by the goodness of people’s faith than dismayed by the cultural challenges we face. However,
an important part of evangelization is to become more acutely aware of what challenges face
us, so that we can love people more effectively into a deeper encounter with Christ.
Despite the snarky tone of what follows, I promise my intent is not to poke fun at anyone or
drum up anger. But sometimes a spade needs to be called a spade. And time and time again
I’m quite dismayed by what I hear coming from the lips of many Catholics. We are indeed
steeped in what Notre Dame sociologist Christian Smith has termed “Moralistic, Therapeutic
Deism.” He uses this term to denote the prevailing religious beliefs of teens (and in my
experience, not just teens but adults too) in this country. After reaching a frustration point
while teaching high-schoolers a few years ago, I found myself typing out the following “Creed for
Moralistic Therapeutic Deism.” It strings together phrases and implications of things I hear all
the time from good people who consider themselves Catholics or Christians, in order to provoke
comparison between these common cultural assumptions and the actual Christian gospel. I’ll
leave it to you to ponder how to lovingly lead people espousing such views to the Jesus. Or
come to my workshop (shameless plug) at the Arise Missionary Discipleship Conference to hear
more about where to go from here.
A Moralistic Therapeutic Deism Creed
I believe in one God, the real but distant maker of heaven and earth, of all things visible, and
possibly some invisible things (though any talk of invisible things is futile because science can’t
prove their existence).
I believe in the historical existence of Jesus of Nazareth, one of many enlightened gurus of
spirituality who basically taught what other great spiritual leaders throughout history have
Through him all things are loved, liked and accepted unconditionally.
For us and for our comfort, he came from Nazareth and lived well, but does not expect people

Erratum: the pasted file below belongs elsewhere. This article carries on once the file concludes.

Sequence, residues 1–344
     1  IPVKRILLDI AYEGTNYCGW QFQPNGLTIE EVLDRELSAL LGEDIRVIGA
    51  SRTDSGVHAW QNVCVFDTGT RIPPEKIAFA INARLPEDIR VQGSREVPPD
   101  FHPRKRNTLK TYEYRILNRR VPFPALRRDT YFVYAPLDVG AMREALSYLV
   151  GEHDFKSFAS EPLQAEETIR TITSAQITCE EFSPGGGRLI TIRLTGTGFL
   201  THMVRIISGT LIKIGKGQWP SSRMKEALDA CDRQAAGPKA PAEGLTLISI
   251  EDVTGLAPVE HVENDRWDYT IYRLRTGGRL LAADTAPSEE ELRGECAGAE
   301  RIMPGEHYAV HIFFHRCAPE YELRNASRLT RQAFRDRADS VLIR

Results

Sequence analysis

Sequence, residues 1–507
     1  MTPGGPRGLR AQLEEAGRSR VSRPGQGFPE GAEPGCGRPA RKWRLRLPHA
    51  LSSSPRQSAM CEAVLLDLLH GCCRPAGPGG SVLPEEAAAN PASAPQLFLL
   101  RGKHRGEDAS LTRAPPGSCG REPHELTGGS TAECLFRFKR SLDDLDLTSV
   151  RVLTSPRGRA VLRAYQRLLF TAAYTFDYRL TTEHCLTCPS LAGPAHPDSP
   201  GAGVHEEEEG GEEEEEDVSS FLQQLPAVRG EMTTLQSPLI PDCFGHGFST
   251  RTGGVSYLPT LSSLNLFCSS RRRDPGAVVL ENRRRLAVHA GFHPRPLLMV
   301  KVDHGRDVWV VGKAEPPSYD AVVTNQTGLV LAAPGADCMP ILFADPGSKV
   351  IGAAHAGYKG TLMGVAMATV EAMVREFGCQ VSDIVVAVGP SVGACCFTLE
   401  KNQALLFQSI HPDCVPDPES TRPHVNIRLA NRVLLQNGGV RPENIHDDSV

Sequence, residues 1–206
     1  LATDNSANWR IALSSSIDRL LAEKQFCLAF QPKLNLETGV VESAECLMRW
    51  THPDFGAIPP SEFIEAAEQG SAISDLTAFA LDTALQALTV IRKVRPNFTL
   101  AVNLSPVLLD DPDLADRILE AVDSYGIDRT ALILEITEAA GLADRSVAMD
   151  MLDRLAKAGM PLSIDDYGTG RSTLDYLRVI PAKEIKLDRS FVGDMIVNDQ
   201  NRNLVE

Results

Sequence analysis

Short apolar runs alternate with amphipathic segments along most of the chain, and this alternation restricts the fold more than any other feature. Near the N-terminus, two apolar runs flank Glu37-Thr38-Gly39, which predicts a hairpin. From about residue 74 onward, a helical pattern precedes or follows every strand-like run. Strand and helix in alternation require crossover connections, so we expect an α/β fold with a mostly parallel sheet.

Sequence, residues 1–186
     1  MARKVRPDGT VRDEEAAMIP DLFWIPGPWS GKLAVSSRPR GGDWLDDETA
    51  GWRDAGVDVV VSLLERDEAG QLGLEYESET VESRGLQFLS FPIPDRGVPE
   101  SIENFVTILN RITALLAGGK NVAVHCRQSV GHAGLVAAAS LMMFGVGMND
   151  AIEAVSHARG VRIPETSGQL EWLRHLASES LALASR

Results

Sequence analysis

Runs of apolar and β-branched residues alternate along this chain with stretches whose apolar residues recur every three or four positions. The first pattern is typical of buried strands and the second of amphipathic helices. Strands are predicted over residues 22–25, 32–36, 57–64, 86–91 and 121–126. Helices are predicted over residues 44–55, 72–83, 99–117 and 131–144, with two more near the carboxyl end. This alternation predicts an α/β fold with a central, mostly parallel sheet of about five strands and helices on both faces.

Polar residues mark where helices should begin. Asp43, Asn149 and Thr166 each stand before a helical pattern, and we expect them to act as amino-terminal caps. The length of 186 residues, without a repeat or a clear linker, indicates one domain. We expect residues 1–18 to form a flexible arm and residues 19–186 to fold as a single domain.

after him to live quite as well; lowering the bar for the rest of humanity because he knows
they’re obviously imperfect, he wants us to live comfortable and fun lives, not explicitly hurting
other people we see on a daily basis, and avoiding big sins like murder and rape.
He was crucified under Pontius Pilate to inspire empathy for his ideals of niceness; he suffered
death and was buried, but the ideas he stood for did not die with him. Those ideas “rose again”
and reign now with Jesus’ soul in heaven, which is a far-off Kingdom we enter only upon dying.
He will not come again and will not judge, because he told us that judging is bad, and he is not a
I believe in the Holy Spirit, the vague sense that God unconditionally approves of everything I do
and makes no demands on me (as long I’m usually nice and never a murderer), which makes me
feel good about myself.
I believe in the existence of many, unholy churches. It would be arrogant to discuss whether
any of them have more or less accurate pictures of the truth, since all this spiritual stuff is made
up of unverifiable opinions anyway.
I confess one baptism for the cute baby ritual that it is, reminding us that “sin” is a pretty
And I look forward to being in my personal happy place for eternity. Amen.
By Andre Lesperance
Workshop Presenter at the Missionary Disciple Conference